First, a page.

Windfalls and insurance

By: Bertus Visser, Chief Executive of Distribution at PSG Insure

That end of year bonus, tax refund or loyalty points pay out, has so much promise. For some, this year might look a little different, but for those who are fortunate enough to receive some extra money, it may go into debt repayment or to boost savings. Others may be considering directing a financial windfall (even a small one) into some property maintenance or upgrades. Before you spend it, or if you’ve just begun, consider these key reminders to help keep your plans on track.

A new look

Maintenance not only improves the appearance of your home (or even office space) but is often a must for short-term insurance too. If you’ve let some tasks slide like trimming trees or clearing gutters, you need to put time aside to get these done (or employ someone to do it for you), as any insurance issues will include wear and tear as part of the claim consideration, and you can lose out on getting a pay-out if you let maintenance fall behind, or if poor maintenance is the cause of damage to the structure.

Lock up and glow

A shiny new security gate with automatic features is wonderful to have, but if you’re installing it in the hopes of reducing your insurance premium, take one step back first. Checking in with your insurer to see if any security upgrades would have an impact (or are recommended) in the area you live or work in, is a great first move.

Security upgrades can certainly enhance safety, which is always a good thing, but some features may not be worth the cost, compared to others. Spending money sensibly to get the best security for your needs is the safest move.  

Renovations need policy renovation too

Perhaps your changes aren’t security-focused, but are instead space-enhancing, to allow your family to grow, or for AirBnb to boost your income. Any renovations need to be noted in your insurance policy too, as they increase the value of your property. If a home business, such as AirBnB is in place, your insurer needs to be notified too, and your cover may need to be adjusted. If a new business venture is planned in the extended space or new tenants, check in as well to ensure proper cover.

It is actually the smartest move to notify your insurer before you start renovating as special conditions may apply, such as a higher excess or exclusion on certain perils while building operations are in progress.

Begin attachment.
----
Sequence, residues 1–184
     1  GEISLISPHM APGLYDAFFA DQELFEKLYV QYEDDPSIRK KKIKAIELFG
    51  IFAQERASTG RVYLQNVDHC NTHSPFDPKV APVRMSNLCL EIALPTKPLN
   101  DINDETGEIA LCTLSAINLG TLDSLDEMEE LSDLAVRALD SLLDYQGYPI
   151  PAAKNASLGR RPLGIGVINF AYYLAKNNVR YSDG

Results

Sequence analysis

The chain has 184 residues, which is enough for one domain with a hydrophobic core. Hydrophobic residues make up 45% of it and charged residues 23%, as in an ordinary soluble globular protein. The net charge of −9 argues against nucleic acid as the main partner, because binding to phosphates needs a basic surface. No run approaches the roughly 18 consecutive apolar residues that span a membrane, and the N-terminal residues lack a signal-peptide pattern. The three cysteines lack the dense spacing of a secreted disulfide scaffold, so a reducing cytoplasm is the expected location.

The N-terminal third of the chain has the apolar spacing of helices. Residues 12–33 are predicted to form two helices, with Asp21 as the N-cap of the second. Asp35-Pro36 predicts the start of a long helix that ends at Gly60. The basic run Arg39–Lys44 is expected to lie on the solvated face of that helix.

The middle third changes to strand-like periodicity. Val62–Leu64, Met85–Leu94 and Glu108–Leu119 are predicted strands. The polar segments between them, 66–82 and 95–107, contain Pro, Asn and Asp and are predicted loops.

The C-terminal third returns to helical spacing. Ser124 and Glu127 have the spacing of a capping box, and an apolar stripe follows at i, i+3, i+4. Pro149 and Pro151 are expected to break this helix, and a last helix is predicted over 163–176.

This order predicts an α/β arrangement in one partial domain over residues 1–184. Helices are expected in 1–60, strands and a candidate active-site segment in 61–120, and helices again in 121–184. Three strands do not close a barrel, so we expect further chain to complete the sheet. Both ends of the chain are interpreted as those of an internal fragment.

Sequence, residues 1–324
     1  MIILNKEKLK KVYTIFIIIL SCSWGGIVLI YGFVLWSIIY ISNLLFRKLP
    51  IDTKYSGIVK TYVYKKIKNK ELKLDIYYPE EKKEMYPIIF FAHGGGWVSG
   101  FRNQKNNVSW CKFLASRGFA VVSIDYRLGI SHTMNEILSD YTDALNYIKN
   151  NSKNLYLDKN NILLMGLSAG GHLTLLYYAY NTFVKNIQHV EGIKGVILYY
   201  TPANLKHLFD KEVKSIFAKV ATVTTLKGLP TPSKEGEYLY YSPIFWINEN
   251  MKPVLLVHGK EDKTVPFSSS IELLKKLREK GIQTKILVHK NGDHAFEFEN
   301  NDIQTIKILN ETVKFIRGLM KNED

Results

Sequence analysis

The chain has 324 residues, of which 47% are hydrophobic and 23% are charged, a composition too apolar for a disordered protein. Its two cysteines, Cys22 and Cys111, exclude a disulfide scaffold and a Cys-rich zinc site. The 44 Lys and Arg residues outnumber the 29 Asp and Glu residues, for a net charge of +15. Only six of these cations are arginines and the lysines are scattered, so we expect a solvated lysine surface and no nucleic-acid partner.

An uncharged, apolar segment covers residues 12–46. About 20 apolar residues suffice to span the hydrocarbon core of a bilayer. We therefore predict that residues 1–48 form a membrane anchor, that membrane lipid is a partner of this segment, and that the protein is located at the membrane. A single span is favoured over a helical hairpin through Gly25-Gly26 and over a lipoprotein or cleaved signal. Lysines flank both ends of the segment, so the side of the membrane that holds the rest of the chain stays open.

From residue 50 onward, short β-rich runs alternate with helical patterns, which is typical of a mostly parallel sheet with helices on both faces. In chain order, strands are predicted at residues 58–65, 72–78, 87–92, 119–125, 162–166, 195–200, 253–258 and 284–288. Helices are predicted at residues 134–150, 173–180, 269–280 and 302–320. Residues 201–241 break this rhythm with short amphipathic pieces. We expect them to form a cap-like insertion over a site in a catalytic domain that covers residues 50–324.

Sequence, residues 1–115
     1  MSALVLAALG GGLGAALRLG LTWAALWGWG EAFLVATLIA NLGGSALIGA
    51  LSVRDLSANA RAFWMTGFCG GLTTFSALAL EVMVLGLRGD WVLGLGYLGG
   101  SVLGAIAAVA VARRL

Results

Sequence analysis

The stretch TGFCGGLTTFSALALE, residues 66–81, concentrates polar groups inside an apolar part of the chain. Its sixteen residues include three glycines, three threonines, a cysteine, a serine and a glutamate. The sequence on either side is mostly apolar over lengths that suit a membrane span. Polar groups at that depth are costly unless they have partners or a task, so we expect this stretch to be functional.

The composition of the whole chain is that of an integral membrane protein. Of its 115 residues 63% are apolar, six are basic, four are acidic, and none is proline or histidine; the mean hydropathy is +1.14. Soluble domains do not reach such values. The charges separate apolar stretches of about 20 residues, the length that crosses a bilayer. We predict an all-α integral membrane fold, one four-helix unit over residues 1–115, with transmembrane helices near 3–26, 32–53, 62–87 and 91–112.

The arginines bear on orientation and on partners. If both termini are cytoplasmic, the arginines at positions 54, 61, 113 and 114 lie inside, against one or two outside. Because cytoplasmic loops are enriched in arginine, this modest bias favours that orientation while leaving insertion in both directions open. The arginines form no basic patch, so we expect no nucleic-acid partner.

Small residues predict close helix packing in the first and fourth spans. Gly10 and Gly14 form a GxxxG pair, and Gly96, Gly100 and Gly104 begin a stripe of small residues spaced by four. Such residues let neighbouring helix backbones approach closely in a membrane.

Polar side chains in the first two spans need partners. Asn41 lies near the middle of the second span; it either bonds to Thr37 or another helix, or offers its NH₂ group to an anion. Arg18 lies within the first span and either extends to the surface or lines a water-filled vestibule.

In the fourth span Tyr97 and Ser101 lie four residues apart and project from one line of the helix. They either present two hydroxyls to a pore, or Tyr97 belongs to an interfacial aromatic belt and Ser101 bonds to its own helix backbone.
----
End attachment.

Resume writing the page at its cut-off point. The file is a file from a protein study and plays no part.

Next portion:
Avoid awful outcomes

Enlist the services of trusted tradesmen in the process of renovating. If you fancy yourself a bit of a handyman (or woman), be sure that none of the upgrades you are planning require compliance certificates or qualified installation. It’s often better to seek professional help to be sure, and many plans require approval from council anyway.

Poor workmanship can be an issue when it comes to insurance. An example includes a claim repudiated on a perils-based policy as the engineer’s report, issued by the insurer, confirmed the tiles that had cracked (and were being claimed for) had badly compacted soil below them, which caused the tiles to move over time. Subsidence may well have occurred and would be covered in the policy, but the engineering report proved that no insured event caused the damage. It turns out the insured should have used better workman initially, and disclosed the situation and any damage earlier, in order to rectify the policy. Policies are normally endorsed to exclude damage to the affected areas until proof or rectification can be provided by the insured. In this instance, you could try to claim from the questionable contractor, but it’s much better to just work with a professional from the start.

Loyalty needs follow through

Whether your property improvements are paid from loyalty points or a cash bonus (hopefully not on credit, unless you’ve properly planned for it), you need to include them in your insurance cover.  Your property, even without renovations, is likely to go up in value as time goes by, and if you’re not paying off a  bond as part of it, you can forget to keep your building sum insured on track. Therefore, you need to include a check-up on your insured property value at least annually.

Since an influx of cash could also mean settling your bond once and for all, a top tip is to ensure insurance cover remains in place. You may have finished paying the bond, but the building is still at risk of fire, for example.

Every penny is precious in these unpredictable times. Chat to your adviser to spend your windfall wisely (or before you make any elaborate upgrades). Your short-term insurance can be a deciding factor and should be a firm part of any plan.

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